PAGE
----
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An Ancient Campaign using Sabin's Empire as a basis and Basic Impetus (augmented) to fight the battles

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Re: An Ancient Campaign using Sabin's Empire as a basis and Basic Impetus (augmented) to fight the battles

Post by 1ngram on Sat Jul 01, 2017 4:09 pm

Fearful of another Roman attempt to invade North Africa the Carthaginians decided to send another expeditionary force to Sicily to forestall the enemy.  The fleet crossed safely and battle against the Legions was joined somewhere near Agrigento.  (Alas our Punic player had decamped to London to see Jeff Lynne and War of the Worlds and the Pink Floyd Exhibition so we had to cobble together a Punic looking army from what we had available)


Overview of the Action

The Romans set their legions on the left and centre with, as usual a unit as reserve and their cavalry on their right, linked to the legion with some Italian Light Infantry.  For their part the Punics sought to destroy the enemy cavalry with their superior cavalry and take on the enemy infantry on the other wing with two elephants and the Celtic mercenaries.  Their hoplite phalanx they kept in reserve(?)


From Behind the Roman Line (the excellent Warbases turning aids can be seen)

Everything that could go wrong for the Carthaginians, did.  They rolled loads of dice in the attack and rarely if ever scored a 6 (eg. Fifteen dice in the elephant attack and not a single hit) but when it came to cohesion tests they rolled a 6 every time.  Their cavalry attack was comprehensively trashed by the Romans with the loss of only one unit (they killed all three Punic cavalry units) apart from the outlier Numidian horse which beat their opponents and tried manfully to get behind the enemy line – but too late to affect the course of the battle.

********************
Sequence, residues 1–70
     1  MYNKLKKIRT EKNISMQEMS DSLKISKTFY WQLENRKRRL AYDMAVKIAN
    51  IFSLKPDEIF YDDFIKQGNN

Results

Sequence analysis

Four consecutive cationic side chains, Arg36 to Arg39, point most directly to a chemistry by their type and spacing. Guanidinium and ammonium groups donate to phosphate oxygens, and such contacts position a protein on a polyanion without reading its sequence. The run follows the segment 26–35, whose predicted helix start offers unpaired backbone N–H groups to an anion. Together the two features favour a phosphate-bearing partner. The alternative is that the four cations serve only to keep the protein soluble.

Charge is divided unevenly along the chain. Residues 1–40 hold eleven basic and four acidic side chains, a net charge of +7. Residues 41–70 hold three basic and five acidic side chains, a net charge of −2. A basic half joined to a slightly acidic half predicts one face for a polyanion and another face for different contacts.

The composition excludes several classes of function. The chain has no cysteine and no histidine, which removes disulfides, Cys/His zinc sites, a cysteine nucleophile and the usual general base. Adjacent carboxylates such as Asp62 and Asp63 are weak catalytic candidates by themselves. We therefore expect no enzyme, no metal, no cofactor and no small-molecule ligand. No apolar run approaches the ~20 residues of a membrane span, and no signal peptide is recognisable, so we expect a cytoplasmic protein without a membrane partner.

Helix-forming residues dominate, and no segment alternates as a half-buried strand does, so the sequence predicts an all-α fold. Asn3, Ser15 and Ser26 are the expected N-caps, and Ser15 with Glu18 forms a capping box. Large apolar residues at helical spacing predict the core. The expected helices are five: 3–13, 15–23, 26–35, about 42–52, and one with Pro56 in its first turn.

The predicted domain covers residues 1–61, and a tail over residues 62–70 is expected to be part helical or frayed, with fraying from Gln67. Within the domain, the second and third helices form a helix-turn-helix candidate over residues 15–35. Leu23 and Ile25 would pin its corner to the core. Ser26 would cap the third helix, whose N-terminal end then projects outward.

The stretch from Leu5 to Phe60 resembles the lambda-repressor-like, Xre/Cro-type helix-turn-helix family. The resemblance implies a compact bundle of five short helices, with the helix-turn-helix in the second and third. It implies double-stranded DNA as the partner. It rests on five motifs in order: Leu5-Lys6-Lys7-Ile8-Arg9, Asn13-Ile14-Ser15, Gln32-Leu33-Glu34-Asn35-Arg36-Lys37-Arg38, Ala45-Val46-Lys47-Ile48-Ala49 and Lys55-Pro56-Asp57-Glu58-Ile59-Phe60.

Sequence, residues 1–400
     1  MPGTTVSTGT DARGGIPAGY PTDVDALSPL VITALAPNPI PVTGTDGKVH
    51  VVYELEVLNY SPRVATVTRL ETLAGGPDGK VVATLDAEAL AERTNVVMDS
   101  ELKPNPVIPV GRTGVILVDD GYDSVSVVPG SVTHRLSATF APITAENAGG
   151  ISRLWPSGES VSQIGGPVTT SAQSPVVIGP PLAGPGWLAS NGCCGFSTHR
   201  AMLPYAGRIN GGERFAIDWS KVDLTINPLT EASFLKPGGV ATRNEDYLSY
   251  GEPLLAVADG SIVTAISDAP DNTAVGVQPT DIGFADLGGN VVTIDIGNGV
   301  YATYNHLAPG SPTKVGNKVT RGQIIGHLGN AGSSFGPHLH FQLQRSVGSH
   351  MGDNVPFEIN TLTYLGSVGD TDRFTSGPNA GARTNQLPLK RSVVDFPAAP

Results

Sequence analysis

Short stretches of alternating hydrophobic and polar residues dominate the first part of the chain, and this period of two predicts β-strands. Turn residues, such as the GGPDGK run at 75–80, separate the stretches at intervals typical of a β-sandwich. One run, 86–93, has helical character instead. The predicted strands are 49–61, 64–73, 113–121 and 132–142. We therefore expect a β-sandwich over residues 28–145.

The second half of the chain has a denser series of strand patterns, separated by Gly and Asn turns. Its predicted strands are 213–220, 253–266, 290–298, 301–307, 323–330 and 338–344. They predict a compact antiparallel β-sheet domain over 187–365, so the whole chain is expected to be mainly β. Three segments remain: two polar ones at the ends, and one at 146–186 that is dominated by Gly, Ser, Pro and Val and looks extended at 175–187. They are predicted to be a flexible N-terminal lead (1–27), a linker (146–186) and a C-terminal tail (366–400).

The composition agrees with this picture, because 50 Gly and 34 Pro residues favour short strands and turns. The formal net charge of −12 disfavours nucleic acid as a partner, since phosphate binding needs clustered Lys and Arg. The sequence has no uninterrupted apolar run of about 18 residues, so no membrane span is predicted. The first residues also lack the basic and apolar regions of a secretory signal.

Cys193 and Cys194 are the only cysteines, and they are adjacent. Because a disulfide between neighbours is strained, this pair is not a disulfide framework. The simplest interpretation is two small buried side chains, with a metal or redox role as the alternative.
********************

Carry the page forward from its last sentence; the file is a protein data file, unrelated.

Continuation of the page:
On the other wing the elephant attack failed miserably (see above) and both stampeded back into their own skirmishers.  


One elephant is already in a bad way as the second comes up to suffer the same fate

The Celts similarly fared disastrously against the legionaries and though they held out for a time, they too were eventually destroyed.  With dead bodies all over the shop and the phalanx unutilised at the rear the Punics admitted defeat with the Romans having lost only one unit.


The Celts are Thrashed

The Romans, exalted by their victory immediately decided to pursue their opponents to North Africa and, in their turn, landed safely on shore.  New tactics will certainly be required by the Punics of the sacred city of Carthage itself is not to fall.

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Re: An Ancient Campaign using Sabin's Empire as a basis and Basic Impetus (augmented) to fight the battles

Post by 1ngram on Thu Jul 20, 2017 4:41 pm

The Roman army landed safely on African soil and immediately marched towards Carthage.  The Punic army assembled under Harreble (or as he was later to become known – the Horrible).  The armies met in the vast open plain before Carthage, (the Punics winning the die roll and were defenders choosing no terrain at all). The Romans set up their legions on their right and centre with some Thracian light infantry on the left of the legionaries.  A Triarii unit was placed in reserve.  Beyond that they placed both units of Cavalry with some light horse between these and the infantry line.


The Two Armies Face Each Other

Having lost badly in all previous combats against the mighty 6 VBU legionary units, the Punic commander determined to face the entire enemy infantry line with only skirmishers and a unit of Numidian horse whom he hoped might get round the right flank of the Romans.  Over on his right he massed all his cavalry and elephants in an attempt to destroy the enemy horse then swing round on to the Roman flank.